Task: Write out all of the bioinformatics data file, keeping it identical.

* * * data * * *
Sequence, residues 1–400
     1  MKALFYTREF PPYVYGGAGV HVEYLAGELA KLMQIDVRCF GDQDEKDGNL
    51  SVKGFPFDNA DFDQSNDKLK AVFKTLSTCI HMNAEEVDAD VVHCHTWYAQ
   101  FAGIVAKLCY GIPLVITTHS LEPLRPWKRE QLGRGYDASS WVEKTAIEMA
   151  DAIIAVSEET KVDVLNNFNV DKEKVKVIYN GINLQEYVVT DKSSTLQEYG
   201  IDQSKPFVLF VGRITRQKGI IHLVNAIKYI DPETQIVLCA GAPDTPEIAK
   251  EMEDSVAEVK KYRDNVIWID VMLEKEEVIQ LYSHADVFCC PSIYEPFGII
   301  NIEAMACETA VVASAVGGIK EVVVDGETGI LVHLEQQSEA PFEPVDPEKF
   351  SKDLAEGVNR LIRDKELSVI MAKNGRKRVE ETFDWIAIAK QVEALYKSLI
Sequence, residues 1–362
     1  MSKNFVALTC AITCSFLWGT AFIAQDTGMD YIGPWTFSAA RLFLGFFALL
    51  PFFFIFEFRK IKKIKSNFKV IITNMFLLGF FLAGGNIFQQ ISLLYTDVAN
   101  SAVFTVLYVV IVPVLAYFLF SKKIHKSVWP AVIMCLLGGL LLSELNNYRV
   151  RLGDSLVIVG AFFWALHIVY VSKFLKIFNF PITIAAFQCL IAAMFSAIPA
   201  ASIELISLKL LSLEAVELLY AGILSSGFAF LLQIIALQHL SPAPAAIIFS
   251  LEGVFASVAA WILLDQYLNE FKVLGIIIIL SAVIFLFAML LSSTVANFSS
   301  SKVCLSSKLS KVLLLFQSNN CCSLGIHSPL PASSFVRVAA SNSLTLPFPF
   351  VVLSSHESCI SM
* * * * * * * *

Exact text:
Sequence, residues 1–400
     1  MKALFYTREF PPYVYGGAGV HVEYLAGELA KLMQIDVRCF GDQDEKDGNL
    51  SVKGFPFDNA DFDQSNDKLK AVFKTLSTCI HMNAEEVDAD VVHCHTWYAQ
   101  FAGIVAKLCY GIPLVITTHS LEPLRPWKRE QLGRGYDASS WVEKTAIEMA
   151  DAIIAVSEET KVDVLNNFNV DKEKVKVIYN GINLQEYVVT DKSSTLQEYG
   201  IDQSKPFVLF VGRITRQKGI IHLVNAIKYI DPETQIVLCA GAPDTPEIAK
   251  EMEDSVAEVK KYRDNVIWID VMLEKEEVIQ LYSHADVFCC PSIYEPFGII
   301  NIEAMACETA VVASAVGGIK EVVVDGETGI LVHLEQQSEA PFEPVDPEKF
   351  SKDLAEGVNR LIRDKELSVI MAKNGRKRVE ETFDWIAIAK QVEALYKSLI
Sequence, residues 1–362
     1  MSKNFVALTC AITCSFLWGT AFIAQDTGMD YIGPWTFSAA RLFLGFFALL
    51  PFFFIFEFRK IKKIKSNFKV IITNMFLLGF FLAGGNIFQQ ISLLYTDVAN
   101  SAVFTVLYVV IVPVLAYFLF SKKIHKSVWP AVIMCLLGGL LLSELNNYRV
   151  RLGDSLVIVG AFFWALHIVY VSKFLKIFNF PITIAAFQCL IAAMFSAIPA
   201  ASIELISLKL LSLEAVELLY AGILSSGFAF LLQIIALQHL SPAPAAIIFS
   251  LEGVFASVAA WILLDQYLNE FKVLGIIIIL SAVIFLFAML LSSTVANFSS
   301  SKVCLSSKLS KVLLLFQSNN CCSLGIHSPL PASSFVRVAA SNSLTLPFPF
   351  VVLSSHESCI SM